Here’s how it works: raid your wardrobe for clothing you never wear, register online for an upcoming swop, drop off your preowned apparel at a designated venue and receive points that can be used to exchange for items at the next swop event.
Swapaholic’s first publicised swop saw 30 attendees, most of whom were from the expatriate community. This quickly grew to a database of 1,300 swoppers, mainly working professionals between the ages of 25 and 35, after tying up with organisations like the PUB and Facebook.
To date, Swapaholic has saved some 15,000 pieces of clothing and accessories from landfills by passing them on to new owners.
“It’s fun to see friends pick out clothes for each other. We even get couples attending our swop events with their babies in prams. Some people have come up to us and said that they’ve stopped buying new clothes since participating in our events. From what I’ve seen, swopping really can become the new ‘shopping’,” Raye adds.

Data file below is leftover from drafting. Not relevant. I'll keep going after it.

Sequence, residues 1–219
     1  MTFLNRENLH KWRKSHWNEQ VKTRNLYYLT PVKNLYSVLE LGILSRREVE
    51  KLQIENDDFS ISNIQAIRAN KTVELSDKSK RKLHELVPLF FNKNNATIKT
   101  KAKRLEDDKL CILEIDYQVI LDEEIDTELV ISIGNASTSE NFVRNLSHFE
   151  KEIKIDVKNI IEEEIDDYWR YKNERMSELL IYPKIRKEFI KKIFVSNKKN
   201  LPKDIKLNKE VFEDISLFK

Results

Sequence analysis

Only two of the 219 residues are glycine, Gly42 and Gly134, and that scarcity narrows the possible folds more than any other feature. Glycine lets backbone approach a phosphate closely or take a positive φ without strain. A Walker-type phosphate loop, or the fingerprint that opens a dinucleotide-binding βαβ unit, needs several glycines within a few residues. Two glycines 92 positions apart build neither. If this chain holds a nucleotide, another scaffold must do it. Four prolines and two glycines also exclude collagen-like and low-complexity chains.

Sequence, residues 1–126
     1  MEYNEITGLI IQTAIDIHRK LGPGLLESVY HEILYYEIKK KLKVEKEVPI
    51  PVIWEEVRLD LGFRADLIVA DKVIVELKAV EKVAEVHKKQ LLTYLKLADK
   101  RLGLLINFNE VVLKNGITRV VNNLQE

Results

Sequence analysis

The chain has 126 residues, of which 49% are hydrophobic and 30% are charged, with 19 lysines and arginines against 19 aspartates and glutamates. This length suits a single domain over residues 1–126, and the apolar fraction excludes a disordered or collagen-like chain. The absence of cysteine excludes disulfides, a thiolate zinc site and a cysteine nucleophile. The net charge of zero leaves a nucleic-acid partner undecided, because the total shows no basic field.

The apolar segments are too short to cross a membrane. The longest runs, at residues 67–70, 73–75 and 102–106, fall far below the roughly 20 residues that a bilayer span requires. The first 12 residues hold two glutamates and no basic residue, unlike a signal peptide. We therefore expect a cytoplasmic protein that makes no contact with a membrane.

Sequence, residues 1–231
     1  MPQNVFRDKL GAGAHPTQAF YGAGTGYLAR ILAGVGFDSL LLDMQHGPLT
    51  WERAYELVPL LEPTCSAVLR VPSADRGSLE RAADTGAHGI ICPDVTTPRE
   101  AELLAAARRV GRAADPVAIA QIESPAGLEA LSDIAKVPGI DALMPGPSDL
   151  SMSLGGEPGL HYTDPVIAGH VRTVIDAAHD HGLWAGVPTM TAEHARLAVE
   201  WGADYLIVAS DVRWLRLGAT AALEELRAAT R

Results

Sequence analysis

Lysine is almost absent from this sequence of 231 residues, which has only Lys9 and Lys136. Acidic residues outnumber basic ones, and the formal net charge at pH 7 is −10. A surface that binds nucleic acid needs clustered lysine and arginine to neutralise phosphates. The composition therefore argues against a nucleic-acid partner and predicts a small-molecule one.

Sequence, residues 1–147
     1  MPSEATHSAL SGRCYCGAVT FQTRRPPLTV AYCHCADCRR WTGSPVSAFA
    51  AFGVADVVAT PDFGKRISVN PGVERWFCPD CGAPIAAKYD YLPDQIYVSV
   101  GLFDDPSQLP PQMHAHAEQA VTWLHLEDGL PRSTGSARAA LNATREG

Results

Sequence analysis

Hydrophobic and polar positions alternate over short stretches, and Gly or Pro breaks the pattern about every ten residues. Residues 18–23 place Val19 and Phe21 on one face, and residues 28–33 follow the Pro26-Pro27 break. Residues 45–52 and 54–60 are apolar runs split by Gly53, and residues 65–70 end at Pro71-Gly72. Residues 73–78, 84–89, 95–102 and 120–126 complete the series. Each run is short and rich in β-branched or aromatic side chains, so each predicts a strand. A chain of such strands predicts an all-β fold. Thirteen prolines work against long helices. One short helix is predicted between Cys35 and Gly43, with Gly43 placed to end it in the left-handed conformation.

2. Fast Fashions Fade, (Sustainable) Style is Eternal
Instead of turning to fast fashion — a term used by fashion retailers to describe low-cost, low-quality designs that move quickly from catwalks to stores — you can also invest in clothing that uses sustainable and durable fabrics.
These days, sustainable fashion is more cutting-edge than you think. For example, US-based biotech startup Bolt Threads makes high-performance clothes out of spider silk-inspired material — spun from yeast.
That’s right, you could be wearing an outfit made from micro-bugs.
The silk fibres said to be stronger than Teflon and softer than a cloud, are inspired by natural silks and produced through fermentation, using yeast, water and sugar from plants that are grown, harvested and replanted. This material is more sustainable than polyester, which is made from petroleum, a non-renewable resource.
Traditionalists might want to opt for bamboo fabrics. Known as one of the world’s most renewable materials, bamboo takes just three to four years to go from seed to harvest. It is also naturally pest-resistant and can be grown without fertiliser. Most importantly, pure bamboo fibre is biodegradable.
A spider silk-inspired tie made from yeast? Yes, please!